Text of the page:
And now, ladies and gentlemen another horror must see classic able to combine blood, demons and fun and whose success started a saga, Evil Dead.
Remembering recent high profile titles directed by Sam Raimi such a Spider-Man, The Grudge or 30 Days of Night, seems somehow unbelievable this guy was responsible for creating a complete inspiring movie, a reference for many future films, with low budget and counting on his flatmate Bruce Campbell as the main character, Ash.
Five friends are about to spend the weekend in a cheap rented cabin in the middle of the woods almost isolated except for an old bridge in very bad conditions. When they arrive the common feeling is that the place is a dump and something strange surrounds the area but still they’re willing to enjoy nice time there. Nevertheless strange things start happening after nightfall only noticed by Cheryl.
When listening to weird noises downstairs Scott decides to check out the cellar, followed by scared Ash and eventually they find a tape recorder, a strange and sinister book with unidentifiable characters and awful pictures and a shotgun with ammo.
Once the group are accomodated by the hearth, Scott plays the tape recorder, owned by the former landlord of the cabin, in which the book is said to be the Book of Dead, covers made by human flesh and written with human blood. Apparently the professor had retired with his wife to the cabin in order to dedicate his investigations full time to the translation of the book. Cheryl, scared to death, asks Scott to shut the recorder down, but he insists on listening to a kind of spell which awakes the demons starting a downward spiral of blood, evil possesion and death nobody is allowed to scape from.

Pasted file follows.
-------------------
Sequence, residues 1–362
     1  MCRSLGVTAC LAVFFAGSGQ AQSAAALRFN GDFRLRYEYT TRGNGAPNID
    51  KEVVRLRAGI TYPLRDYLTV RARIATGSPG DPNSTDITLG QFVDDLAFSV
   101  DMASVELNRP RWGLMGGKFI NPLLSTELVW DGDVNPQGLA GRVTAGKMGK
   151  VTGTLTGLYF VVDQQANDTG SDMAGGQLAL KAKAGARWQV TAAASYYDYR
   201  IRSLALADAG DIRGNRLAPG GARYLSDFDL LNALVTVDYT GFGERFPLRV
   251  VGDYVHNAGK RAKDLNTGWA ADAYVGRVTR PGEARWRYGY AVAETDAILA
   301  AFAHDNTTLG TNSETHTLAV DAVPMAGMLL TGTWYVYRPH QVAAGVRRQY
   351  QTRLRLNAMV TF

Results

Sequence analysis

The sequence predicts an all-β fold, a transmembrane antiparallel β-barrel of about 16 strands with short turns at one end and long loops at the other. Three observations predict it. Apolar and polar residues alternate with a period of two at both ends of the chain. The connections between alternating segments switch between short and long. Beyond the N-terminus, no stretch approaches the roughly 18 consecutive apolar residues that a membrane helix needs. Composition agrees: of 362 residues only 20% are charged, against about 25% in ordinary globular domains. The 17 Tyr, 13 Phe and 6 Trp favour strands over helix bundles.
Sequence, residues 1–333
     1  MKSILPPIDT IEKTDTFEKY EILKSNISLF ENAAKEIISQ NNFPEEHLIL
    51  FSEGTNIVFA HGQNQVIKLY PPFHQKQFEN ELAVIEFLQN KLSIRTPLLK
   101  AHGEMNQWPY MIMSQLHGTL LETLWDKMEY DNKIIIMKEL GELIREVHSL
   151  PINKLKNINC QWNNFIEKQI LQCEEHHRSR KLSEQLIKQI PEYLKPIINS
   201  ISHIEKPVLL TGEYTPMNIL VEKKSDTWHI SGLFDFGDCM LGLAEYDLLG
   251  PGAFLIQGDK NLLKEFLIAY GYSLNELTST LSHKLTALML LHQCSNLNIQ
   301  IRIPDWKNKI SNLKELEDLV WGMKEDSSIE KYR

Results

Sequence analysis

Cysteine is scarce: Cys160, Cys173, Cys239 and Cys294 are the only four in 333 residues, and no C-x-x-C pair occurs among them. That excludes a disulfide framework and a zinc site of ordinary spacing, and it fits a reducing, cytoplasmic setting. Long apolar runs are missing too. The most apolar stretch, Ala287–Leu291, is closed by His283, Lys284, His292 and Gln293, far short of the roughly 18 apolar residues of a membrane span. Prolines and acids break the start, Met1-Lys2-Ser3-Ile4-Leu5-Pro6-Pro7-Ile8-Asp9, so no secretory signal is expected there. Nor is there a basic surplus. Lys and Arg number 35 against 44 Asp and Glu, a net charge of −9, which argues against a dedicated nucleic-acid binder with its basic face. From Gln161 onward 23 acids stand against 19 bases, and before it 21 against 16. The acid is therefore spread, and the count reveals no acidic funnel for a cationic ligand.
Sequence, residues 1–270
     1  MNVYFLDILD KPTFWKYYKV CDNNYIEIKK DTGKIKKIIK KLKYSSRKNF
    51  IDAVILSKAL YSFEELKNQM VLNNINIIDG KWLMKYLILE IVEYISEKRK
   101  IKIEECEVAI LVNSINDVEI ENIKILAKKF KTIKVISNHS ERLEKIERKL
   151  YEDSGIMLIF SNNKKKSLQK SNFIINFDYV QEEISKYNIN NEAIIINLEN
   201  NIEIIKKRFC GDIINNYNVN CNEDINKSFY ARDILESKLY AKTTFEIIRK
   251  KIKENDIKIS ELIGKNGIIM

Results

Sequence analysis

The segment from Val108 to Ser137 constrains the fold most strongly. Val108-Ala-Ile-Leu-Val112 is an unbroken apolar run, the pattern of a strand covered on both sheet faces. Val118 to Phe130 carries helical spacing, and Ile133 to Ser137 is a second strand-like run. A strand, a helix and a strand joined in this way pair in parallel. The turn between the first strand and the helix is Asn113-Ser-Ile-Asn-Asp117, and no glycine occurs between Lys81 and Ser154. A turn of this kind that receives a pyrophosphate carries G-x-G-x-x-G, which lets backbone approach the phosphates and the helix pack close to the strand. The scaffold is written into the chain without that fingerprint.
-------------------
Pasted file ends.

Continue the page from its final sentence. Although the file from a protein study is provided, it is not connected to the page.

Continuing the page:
Cliché after cliché are to be found in this movie, gore, shocking and scary moments and those lovely subjective takes which help to create such enchanted atmosphere, beside the fog, the woods (Cheryl tied up by the roots and branches, attacked and “raped” by the woods is amazing), voices beyond the grave…and yet Bruce Campbell scared to death and paralysed, worried about his fiancee’s pendant, absurd enough to make you laugh…
When watching this movie, and many others, you realize innocence has flown away, horror in the 70’s-80’s is essential for all the fans of the genre no matter poor special effects, very low budgets and simple plots. You can become inmune to the effect they pretended to cause, still atmospheres created nowadays have nothing to do with classic movies, aesthetics are more important and remakes are the easiest sources to appeal to because unfortunately in this decade lack of creativity prevails.
Again, I’ve just read a remake is rumoured to be written and filmed by very same Sam Raimi…is it necessary? Mr. Raimi, haven’t you earned enough money with Evil Dead saga as to plan the remake yourself instead of squeezing you brains and create something else? Such things make me angry!